Patients with chronic myelo-monocytic leukaemia (CMML) have been reported to have a relative predominance of classical or MO1 monocytes (CD14+/CD16-) at the expense of MO2 (CD14low/CD16+) and MO3 (CD14-/CD16+) monocytes (Selimoglu-Buet. Blood 2015). These authors suggested that an MO1 percentage cut-off of >94% could predict the diagnosis of CMML with high sensitivity and specificity (both >90%) from other causes of monocytosis. Since then, several independent groups have attempted to reproduce their protocol with variable results. Most recently, the Mayo Clinic (Pophali. Blood Cancer J. 2019) found that an MO1 cut off of > 94% in peripheral blood identified CMML with a sensitivity of 75% and a specificity of 95.4%. These figures were lower than previously reported - calling into question, the utility of flow cytometry to distinguish the aetiology of monocytosis in a real-world setting.
Our retrospective audit aimed to establish if monocyte subset repartitioning could be used to reliably diagnose CMML in a real-world sample of patients with monocytosis.
In this study, we assessed peripheral blood samples from 35 patients presenting with a monocytosis (absolute monocyte count > 1 x109/L) in a tertiary referral hospital in Brisbane, Australia between June 2015 and Sep 2019. The patients' final clinical diagnosis was extracted from the medical record by two clinicians (AM, PM) blinded to the results of the flow cytometry.
Peripheral blood samples were subjected to MFC at a median of <24 hours (range, < 24 hours to 160 hours) after collection. Flow cytometry was performed using the BD FACS Canto II flow cytometer.
Monocyte subsets were identified using Kaluza software (Beckman Coulter, USA). A CD45/ side scatter gate was set to locate the monocyte population and specific antibody combinations were used to identify and exclude other lineages; these were - CD24 to exclude granulocytes and B cells, CD16 to exclude neutrophils, CD2 to exclude T cells and CD56 to exclude NK cells. Based on the CD14 and CD16 expression, the monocytes were then divided into: MO1 (CD14+/CD16-), MO2 (CD14low/CD16+) and MO3 (CD14-/CD16+).
Results are reported descriptively and Fishers Exact Test (IBM® SPSS® Statistics Version 26) was used to establish if there was any correlation between the percentage of classical monocytes and the diagnosis of CMML.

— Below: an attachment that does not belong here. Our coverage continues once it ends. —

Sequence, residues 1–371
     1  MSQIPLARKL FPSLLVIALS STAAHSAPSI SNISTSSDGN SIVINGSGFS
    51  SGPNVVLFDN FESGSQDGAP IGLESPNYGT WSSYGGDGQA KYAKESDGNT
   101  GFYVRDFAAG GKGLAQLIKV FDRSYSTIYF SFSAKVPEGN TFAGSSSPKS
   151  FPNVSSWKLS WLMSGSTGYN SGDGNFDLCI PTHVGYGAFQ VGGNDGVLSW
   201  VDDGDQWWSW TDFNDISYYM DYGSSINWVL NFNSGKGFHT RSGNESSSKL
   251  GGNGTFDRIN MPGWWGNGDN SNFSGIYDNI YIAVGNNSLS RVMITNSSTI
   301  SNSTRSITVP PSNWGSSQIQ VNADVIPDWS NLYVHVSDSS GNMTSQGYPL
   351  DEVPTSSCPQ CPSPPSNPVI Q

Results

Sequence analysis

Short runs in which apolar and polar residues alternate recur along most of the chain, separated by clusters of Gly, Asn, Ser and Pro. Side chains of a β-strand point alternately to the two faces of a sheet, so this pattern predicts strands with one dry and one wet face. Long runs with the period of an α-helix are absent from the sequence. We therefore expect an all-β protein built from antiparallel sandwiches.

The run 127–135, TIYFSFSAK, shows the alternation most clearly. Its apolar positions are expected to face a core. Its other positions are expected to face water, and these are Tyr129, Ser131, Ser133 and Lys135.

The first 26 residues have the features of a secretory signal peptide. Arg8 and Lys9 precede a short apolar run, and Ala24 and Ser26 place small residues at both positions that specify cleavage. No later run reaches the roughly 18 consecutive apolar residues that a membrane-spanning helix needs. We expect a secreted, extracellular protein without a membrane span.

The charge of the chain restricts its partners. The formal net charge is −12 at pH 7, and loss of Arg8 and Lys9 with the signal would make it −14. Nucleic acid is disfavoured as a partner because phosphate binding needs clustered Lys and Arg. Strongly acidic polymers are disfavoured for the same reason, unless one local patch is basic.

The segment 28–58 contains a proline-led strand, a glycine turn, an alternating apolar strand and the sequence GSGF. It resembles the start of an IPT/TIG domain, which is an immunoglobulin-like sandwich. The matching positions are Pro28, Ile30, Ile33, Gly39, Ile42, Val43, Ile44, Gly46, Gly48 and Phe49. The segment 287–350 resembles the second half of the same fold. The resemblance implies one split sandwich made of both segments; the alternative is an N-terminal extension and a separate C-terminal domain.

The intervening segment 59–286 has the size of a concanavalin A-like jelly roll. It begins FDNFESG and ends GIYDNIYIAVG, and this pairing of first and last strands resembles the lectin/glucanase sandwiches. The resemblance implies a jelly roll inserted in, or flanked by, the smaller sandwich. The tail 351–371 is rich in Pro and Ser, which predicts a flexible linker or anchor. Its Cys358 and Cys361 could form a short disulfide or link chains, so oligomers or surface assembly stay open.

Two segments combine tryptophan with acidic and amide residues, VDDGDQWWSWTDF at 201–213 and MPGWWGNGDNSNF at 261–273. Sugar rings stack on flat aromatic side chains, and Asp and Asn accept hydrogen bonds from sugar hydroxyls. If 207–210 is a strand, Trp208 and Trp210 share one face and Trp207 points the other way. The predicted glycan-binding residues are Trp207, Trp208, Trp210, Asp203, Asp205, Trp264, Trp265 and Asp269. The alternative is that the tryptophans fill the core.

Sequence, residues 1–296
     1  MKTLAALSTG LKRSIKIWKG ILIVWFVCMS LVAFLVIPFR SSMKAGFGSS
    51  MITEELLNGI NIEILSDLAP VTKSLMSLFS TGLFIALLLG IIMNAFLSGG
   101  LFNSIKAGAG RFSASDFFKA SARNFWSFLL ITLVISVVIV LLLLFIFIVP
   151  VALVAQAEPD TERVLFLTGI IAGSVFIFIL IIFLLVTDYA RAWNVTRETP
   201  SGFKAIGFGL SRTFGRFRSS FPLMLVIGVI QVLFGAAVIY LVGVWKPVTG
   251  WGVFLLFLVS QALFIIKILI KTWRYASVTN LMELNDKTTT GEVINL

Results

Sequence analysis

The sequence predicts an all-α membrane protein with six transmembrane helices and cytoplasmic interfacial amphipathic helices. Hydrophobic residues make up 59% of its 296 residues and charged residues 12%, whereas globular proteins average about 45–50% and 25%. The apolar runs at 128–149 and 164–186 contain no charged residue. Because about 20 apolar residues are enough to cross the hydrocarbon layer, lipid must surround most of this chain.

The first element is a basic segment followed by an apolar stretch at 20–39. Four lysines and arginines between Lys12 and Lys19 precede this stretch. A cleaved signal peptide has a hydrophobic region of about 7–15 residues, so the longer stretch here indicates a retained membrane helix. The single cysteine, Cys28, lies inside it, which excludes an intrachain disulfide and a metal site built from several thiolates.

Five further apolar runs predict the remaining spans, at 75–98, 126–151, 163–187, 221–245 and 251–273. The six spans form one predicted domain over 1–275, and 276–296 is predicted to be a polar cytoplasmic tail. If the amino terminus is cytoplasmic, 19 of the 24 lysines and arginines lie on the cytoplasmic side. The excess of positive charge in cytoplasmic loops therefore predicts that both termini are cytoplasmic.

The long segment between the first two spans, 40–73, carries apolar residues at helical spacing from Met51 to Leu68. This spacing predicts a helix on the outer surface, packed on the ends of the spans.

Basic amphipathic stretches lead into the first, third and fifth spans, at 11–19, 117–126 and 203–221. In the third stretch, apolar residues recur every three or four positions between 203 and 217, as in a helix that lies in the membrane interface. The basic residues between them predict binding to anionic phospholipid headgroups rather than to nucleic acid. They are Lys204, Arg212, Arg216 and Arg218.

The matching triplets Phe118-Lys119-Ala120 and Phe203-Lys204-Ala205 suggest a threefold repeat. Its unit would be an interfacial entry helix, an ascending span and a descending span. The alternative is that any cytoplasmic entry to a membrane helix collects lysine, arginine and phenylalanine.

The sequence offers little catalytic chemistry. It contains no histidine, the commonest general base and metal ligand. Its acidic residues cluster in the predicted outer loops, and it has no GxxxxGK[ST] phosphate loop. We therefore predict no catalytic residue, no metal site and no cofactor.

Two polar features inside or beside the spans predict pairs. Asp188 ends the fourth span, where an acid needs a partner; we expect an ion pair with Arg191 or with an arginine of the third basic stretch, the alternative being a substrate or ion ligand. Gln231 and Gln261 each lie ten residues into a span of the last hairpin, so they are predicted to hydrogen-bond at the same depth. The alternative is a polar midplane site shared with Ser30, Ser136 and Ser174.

Of the 35 patients included, 13 patients had CMML and four patients were diagnosed with another underlying myeloid neoplasm: one patient with myelodysplastic syndrome (MDS-RCMD), one patient with myeloproliferative neoplasm - not otherwise specified (MPN-NOS), one patient with multiple myeloma and one patient with acute myeloid leukaemia with myelodysplasia related changes (AML-MRC). Eighteen cases had non-clonal monocytosis. Six patients had a reactive monocytosis in the setting of autoimmune disease including: granulomatosis with polyangiitis (n=2), rheumatoid arthritis (n=1), IgG4 disease (n=1), mixed connective tissue disease (n=1) and polyarticular gout (n=1). Twelve cases of reactive monocytosis were due to infective and inflammatory causes.
Among our 13 patients with CMML, seven cases (53.85%) had an MO1 percentage > 94%. In comparison, only four (18.18%) among the 22 cases of non-CMML were identified to have an MO1 percentage > 94%. There was no correlation between an MO1 percentage cut off of > 94% and a diagnosis of CMML (p = 0.057). Our study also examined the utility of an MO3 percentage cut off of < 1.13%, established by Hudson et al (Am J Clin Pathol 2018). Among our 13 cases of CMML, six patients (46.15%) were noted to have an MO3 percentage < 1.13%. Meanwhile, only eight, out of 22 non-CMML patients (36.36%) had MO3 percentage < 1.13%. There was no association between MO3 percentage and the diagnosis of CMML (p = 0.724).
Using the MO1 and MO3 percentage cut offs previously established, we were unable to reliably diagnose CMML. Given these findings, we suggest that more research with larger sample sizes is required before monocyte subset analysis can be applied in the clinical laboratory to discriminate reactive monocytosis from CMML.
Mollee:Janssen: Membership on an entity's Board of Directors or advisory committees, Research Funding; BMS/Celgene: Membership on an entity's Board of Directors or advisory committees; Amgen: Membership on an entity's Board of Directors or advisory committees; Takeda: Membership on an entity's Board of Directors or advisory committees; Pfizer: Membership on an entity's Board of Directors or advisory committees; Caelum: Membership on an entity's Board of Directors or advisory committees.
Asterisk with author names denotes non-ASH members.